You are a character inside the Mortal Kombat video game.
You have a stamina bar and a lifeline bar. The stamina bar reflects the amount of energy you have to do stuff. The health bar reflects the amount of damage that has been inflicted. While separate, they have a relationship. If your health bar expires, you can’t use your stamina bar. And if you use your energy too quickly, you will be a sitting duck for the next barrage of attacks.
If we had a technology that could provide us with a halo of these two bars, our athletic ability would be prolonged. Why? I believe that most people underestimate the importance of their stamina bar, it runs out, and they ‘die’ (die = athletic ability runs out).
Let's get the facts straight.
I want to be clear on differentiating facts from opinions. Facts are beliefs at this point in time that are collectively believed as being true due to an abundance of reproducible evidence through scientific experimentation. Opinions are beliefs derived from facts, impacted by a persons prior experience and/or belief system. An opinion will have more credibility if it sits on more facts.
Let's get past the motivational quotes that pepper the fitness industry and take a look at 'facts' that happen to the human body with time:
1. Sarcopenia means we will lose muscle mass (and strength/power) when we age
2. We have a loss of VO2 Max by 1-2% after the age of 40
3. Our hormonal system changes with age (decrease in testosterone for men)
4. Performance gain is the the accumulation of supercompensation cycles (an increase in fitness baseline after a period of recovery)
This implies our athletic ability has a timeline. Without external intervention (drugs, robotic legs, stem cells etc.), there is a point in time where we are going to lose a race to our younger selves. That’s not the depressing part. What’s more unfortunate is few of us actually reach the end of that timeline.
Now, let's look at the fitness industry.
We have experienced a shift to functional training and high intensity training. Let’s not get caught up debating the definition of 'functional training', let’s just say that resistance training exercises now use more joints per exercise, and cardio feels much more uncomfortable (damn you Tabata!). There was plenty of evidence that supported and continues to support the shift. Functional exercises have a greater benefit to an individuals activities of daily living compared to isolation exercises, and high intensity cardio has nifty little benefits like EPOC, curbing our appetite and is quite practical as it requires less time.
Much like a drug has its list of side effects, when it comes to training we often have selection bias; we forget to talk about the potential side effects inside that accompany certain fitness prescriptions. We get caught up with the % increase in strength from the latest training protocol, but forget to mention the number of subjects that dropped out of the experiment due to injury. The potential side effects don’t stop you from taking the drug; they provide you with a bigger picture of the pros and cons.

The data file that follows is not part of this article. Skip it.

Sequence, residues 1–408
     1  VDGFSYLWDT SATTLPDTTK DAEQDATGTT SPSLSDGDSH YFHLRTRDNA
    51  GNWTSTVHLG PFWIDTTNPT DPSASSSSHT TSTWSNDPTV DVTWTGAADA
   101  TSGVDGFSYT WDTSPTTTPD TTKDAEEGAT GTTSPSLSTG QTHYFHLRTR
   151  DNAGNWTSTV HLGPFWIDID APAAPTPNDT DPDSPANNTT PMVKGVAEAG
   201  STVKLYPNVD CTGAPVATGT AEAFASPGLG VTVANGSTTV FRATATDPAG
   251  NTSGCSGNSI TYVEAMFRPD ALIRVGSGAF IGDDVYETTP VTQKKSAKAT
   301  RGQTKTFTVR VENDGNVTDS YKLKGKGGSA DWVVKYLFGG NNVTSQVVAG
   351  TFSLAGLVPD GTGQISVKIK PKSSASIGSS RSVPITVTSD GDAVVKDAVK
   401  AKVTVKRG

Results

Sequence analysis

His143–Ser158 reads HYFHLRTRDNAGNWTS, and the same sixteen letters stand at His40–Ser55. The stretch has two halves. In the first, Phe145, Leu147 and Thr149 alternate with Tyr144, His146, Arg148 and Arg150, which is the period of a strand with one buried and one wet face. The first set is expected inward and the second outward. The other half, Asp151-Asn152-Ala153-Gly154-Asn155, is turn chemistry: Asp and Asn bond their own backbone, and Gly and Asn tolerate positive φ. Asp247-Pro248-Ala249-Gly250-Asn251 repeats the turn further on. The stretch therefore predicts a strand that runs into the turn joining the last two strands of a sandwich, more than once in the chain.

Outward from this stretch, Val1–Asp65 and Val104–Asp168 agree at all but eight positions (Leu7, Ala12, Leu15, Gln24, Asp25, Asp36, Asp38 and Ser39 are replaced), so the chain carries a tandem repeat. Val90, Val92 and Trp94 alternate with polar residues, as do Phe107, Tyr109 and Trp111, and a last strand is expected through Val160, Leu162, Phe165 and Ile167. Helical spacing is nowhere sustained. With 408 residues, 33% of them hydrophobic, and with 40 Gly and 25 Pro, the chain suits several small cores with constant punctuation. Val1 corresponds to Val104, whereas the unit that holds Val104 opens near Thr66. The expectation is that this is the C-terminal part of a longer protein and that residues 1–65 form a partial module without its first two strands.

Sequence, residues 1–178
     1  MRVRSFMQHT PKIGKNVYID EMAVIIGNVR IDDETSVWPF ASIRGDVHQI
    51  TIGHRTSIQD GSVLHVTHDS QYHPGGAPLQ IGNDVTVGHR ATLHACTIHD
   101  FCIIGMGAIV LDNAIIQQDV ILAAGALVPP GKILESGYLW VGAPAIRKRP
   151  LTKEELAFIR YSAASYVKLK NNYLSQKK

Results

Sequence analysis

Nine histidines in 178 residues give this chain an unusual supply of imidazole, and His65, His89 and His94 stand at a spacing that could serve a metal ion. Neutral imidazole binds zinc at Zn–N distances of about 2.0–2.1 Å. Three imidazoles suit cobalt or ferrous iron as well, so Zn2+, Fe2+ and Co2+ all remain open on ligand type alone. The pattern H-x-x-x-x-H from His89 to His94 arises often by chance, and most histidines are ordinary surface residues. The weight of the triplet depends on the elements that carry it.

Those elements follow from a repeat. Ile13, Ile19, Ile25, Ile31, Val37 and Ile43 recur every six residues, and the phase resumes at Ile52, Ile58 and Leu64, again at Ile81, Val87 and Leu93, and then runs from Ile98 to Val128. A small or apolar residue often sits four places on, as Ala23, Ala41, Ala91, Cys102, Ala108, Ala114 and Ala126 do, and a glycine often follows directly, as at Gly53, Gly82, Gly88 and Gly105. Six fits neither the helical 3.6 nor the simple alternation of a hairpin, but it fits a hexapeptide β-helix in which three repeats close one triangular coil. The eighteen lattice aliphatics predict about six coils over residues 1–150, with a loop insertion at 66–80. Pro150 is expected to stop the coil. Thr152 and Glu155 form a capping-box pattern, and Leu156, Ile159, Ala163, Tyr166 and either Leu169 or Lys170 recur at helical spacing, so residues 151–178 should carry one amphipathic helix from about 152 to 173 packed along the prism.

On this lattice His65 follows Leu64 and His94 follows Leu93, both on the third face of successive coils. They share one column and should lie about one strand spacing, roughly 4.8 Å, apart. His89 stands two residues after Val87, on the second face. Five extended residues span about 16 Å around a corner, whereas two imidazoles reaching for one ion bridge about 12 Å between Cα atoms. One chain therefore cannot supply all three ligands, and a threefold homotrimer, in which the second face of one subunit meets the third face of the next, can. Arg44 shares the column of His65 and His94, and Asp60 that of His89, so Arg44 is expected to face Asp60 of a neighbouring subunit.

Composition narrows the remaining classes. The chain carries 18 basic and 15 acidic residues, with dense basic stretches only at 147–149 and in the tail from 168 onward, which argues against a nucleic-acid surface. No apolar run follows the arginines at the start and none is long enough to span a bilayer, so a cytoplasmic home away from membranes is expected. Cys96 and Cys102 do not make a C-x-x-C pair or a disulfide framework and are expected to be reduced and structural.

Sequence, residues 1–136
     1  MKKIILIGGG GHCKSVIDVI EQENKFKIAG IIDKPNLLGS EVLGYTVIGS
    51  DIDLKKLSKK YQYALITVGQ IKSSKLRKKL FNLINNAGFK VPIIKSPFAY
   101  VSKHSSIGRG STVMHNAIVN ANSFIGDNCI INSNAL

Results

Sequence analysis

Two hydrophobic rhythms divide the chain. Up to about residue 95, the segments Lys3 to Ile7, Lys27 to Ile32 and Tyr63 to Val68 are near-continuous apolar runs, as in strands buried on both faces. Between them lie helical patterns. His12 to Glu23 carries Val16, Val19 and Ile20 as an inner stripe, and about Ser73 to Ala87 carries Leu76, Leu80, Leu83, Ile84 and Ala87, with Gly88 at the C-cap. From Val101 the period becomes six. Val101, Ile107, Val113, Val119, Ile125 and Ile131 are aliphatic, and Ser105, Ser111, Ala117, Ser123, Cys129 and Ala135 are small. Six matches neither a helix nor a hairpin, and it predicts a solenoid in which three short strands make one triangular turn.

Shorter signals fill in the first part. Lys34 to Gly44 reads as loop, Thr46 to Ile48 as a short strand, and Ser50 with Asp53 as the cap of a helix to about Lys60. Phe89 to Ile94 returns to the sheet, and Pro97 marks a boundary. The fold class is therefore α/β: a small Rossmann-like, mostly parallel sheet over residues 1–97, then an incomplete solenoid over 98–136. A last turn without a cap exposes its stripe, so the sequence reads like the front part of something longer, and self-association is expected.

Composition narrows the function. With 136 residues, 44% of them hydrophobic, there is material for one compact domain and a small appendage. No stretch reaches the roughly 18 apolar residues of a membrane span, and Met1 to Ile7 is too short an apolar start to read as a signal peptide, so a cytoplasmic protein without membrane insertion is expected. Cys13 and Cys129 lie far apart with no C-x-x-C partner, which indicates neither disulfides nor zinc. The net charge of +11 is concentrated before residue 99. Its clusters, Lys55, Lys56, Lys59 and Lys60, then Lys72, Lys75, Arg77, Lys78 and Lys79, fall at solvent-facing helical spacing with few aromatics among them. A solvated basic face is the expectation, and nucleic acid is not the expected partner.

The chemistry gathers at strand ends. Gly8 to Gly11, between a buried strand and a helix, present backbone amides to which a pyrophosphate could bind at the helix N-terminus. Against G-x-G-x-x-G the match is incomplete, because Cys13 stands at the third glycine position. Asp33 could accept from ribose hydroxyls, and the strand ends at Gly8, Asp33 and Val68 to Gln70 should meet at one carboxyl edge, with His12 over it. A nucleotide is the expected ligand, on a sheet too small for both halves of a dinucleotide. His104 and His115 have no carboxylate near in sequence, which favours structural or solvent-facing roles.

Here is a list of some of the potential 'side effects' that have come along with the functional training and high intensity shift:
1. Functional exercises by definition involve more joints and require a higher level of co-ordination
2. High intensity activities may be higher impact with larger eccentric forces (the phase of muscle contraction that makes you sore)
3. Compound exercises load the spine (think kettlebells, squats, deadlifts etc.)
4. High intensity exercises require more voluntary effort/willpower; something we have a finite amount of.
This isn’t a campaign for a new tribe to oppose the functional fitness craze. Far from it. This is a campaign to prolong the functional fitness craze.
Back to the Mortal Kombat Stamina Bar...
I believe that performing high intensity and functional exercises makes our stamina bar decrease at a faster rate, resulting in our athletic ability timeline to end prematurely. The abundance of fitspirational quotes makes us train more, rest less and try more difficult exercises. We forget about biological constraints and fitness side effects very few of us can escape.
The good news is there is a way we can have our cake and eat it too. All it takes is these three steps:
1. Program Design: balance rest and work to allow the body to supercompensate
2. Corrective Exercise: perform exercises to make sure that each joint functions correctly
3. Training Intensity: do the least amount as possible to get the maximum benefit, ie – minimum threshold for a training stimulus
The bad news is, it can’t be covered in three paragraphs, three articles or three months worth of articles. It probably can’t even be covered in 3 articles or even 3months worth of articles. It’s a long ride and I hope you all jump on and share it with me.
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